Relatively speaking, Korea was an unchartered, unknown land to Canadians. Of course there were stories here and there; many Dutch traders, ‘Hwa-ran’ as they were called by the Koreans, floated upwards to Korea caught up in a typhoon since the 17th century CE. Many of them settled and even ended up fighting and dying for Korea. Some found home in Korea, transferred their skills in gunpowder, foundry and sailing which Koreans appreciated very much. Many however missed home and decided to take the hike to Japan- Hendrick Hamel, famous for his account of his (seemingly terrible, as he published his story to prove that he needs to be remunerated for his troubles in Asia by his boss decades after his accident at sea) time in Korea was such individual.
These stories, although fascinating, were forgotten in Europe and was ancient literature by the time Canada begun to pay attention to the affairs over the Pacific Ocean in the mid 19th century. Canada often traded with China and Japan, although due to the Anglo-Japanese Alliance they took more positive opinions towards Japanese folks than any other Asians. However, despite initial contacts it could be said that East Asia was a mysterious land to Canadians; most Canadians paid more attention to European and American affairs and knew little, and perhaps cared little too, about what lied beyond the Pacific Ocean; shows in New York, or serious politics of the Empire in London were more fascinating to Canadians of the time. Korea then, often dubbed the Hermit Kingdom to Westerners, stood as a mysterious civilization to many Canadians alongside China and Japan.
Then Korea opened its doors.
It was 1876 when the Hermit Kingdom finally opened its gates to the outside world. Rather hurried and perhaps pressured by the Japanese, Koreans nevertheless were exposed and somewhat bombarded by the new materials, new ideas and new toys from the outside world; what was a trickle beforehand through here-say from Chinese merchants and diplomats, who also saw things and heard things second hand, now flooded Korea, wave after wave at an unprecedented level. Coffee and chocolates were first tasted by the royal family of Korea during this time. Men raced horses against street cars to benchmark the new ride in town, while women went to school for the first time to study science and English. Korea’s first westernized army composed of young yangban (traditional Korean aristocracy) volunteers marched in the streets of Seoul with their servants carrying their chamber pots few meters behind them. Children ran away from cameramen in terror believing that camera lenses may suck out their souls and press them into photographs. Newspapers were printed for the first time, with Korea’s first commercial advertisement in history while public servants vowed to the telephone before receiving phone calls from his majesty the King of Korea. These were fascinating times, as it was also unprecedented times for Korea. Some worried for the fate of the country while others dreamed of what new thrilling things would enter the port of Incheon the next day. It is during this time when first Canadians arrived in Korea, riding those waves of new things, people and ideas.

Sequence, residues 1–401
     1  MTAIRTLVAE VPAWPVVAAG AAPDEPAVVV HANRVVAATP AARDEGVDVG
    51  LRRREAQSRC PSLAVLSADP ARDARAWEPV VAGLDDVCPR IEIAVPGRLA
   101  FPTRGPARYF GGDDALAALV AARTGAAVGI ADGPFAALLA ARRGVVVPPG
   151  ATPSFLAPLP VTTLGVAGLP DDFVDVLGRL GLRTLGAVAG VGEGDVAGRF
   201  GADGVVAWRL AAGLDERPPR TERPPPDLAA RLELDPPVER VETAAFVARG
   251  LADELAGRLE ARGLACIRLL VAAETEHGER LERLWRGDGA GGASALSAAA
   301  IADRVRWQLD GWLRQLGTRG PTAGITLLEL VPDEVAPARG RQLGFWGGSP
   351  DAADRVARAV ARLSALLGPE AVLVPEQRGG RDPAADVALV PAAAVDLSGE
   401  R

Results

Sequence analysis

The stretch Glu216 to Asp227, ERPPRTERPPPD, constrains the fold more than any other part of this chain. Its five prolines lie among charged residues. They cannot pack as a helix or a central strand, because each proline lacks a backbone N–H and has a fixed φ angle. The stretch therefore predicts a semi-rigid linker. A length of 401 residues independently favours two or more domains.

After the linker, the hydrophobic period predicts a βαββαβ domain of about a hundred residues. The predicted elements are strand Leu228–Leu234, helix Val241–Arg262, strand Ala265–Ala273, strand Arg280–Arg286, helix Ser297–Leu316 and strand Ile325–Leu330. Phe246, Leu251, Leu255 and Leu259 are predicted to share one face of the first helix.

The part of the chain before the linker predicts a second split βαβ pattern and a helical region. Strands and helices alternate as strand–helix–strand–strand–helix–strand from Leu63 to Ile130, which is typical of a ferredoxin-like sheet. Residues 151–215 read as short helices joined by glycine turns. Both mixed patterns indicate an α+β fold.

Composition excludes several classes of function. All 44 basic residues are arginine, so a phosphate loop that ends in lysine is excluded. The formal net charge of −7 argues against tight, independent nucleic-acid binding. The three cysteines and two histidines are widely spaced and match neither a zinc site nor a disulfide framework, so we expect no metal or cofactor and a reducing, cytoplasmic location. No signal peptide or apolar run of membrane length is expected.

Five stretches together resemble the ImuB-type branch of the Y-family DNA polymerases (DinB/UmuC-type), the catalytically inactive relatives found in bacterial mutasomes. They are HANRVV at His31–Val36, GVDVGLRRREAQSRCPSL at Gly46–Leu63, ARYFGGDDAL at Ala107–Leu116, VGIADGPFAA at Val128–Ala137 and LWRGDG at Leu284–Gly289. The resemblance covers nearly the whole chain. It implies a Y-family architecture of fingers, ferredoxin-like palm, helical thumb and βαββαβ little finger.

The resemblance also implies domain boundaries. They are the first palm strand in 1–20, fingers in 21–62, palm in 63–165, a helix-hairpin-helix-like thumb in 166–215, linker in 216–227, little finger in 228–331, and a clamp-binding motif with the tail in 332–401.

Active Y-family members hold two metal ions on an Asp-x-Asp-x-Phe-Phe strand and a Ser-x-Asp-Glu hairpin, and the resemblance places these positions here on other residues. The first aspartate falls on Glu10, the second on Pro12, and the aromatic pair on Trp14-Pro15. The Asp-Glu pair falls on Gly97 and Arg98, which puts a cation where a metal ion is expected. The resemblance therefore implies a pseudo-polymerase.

Who were these Canadians? What business did they have in the land of the morning calm? Apparently many of them, if not dominant, were there for missionary purposes. Many schools in Canada (notably Wycliffe College and Emmanuel College, which still teaches Theology in University of Toronto) taught and dispatched missionaries all across the world in the spirit of servitude. Surely, Korea was one of those countries that Canadian missionaries felt that the gospel words and pipe organ notes needed to be heard. So off they went, across the Pacific Ocean with a carriage bag in one hand and the Bible in another, to the land of morning calm in excitement of what to come, and timidity for the strange new people in countless funny looking hats that they would meet in Korea.
As we will see, not only did these missionaries were gifted in teaching the words of the Bible and giving a little peace of mind to fellow human beings, they also carried some great tricks and trades to Korea as well. Many were doctors, many were linguists. Some carefully documented events and some took part in the turning points of world history, as we will see in later posts.
What I plan to do in the later posts of this topic, is to follow the two most prominent figures of the Canadian mission to Korea: Mr. James Scarth Gale and Dr. Frank William Schofield. While following their footsteps in the Land of the Morning Calm, We will also explore what happened in Korea as these gentlemen stayed in Korea. Events of joy, sadness, surprise, and as we will see, to be “only accounted with shaking hands”, as a personal witness to turning points of history not only in Korea, but for the world.
Next: Missionaries Part 1: Mr. Gee-Il: The English-Korean Dictionary, and the mid-morning in the Land of the Morning Calm.
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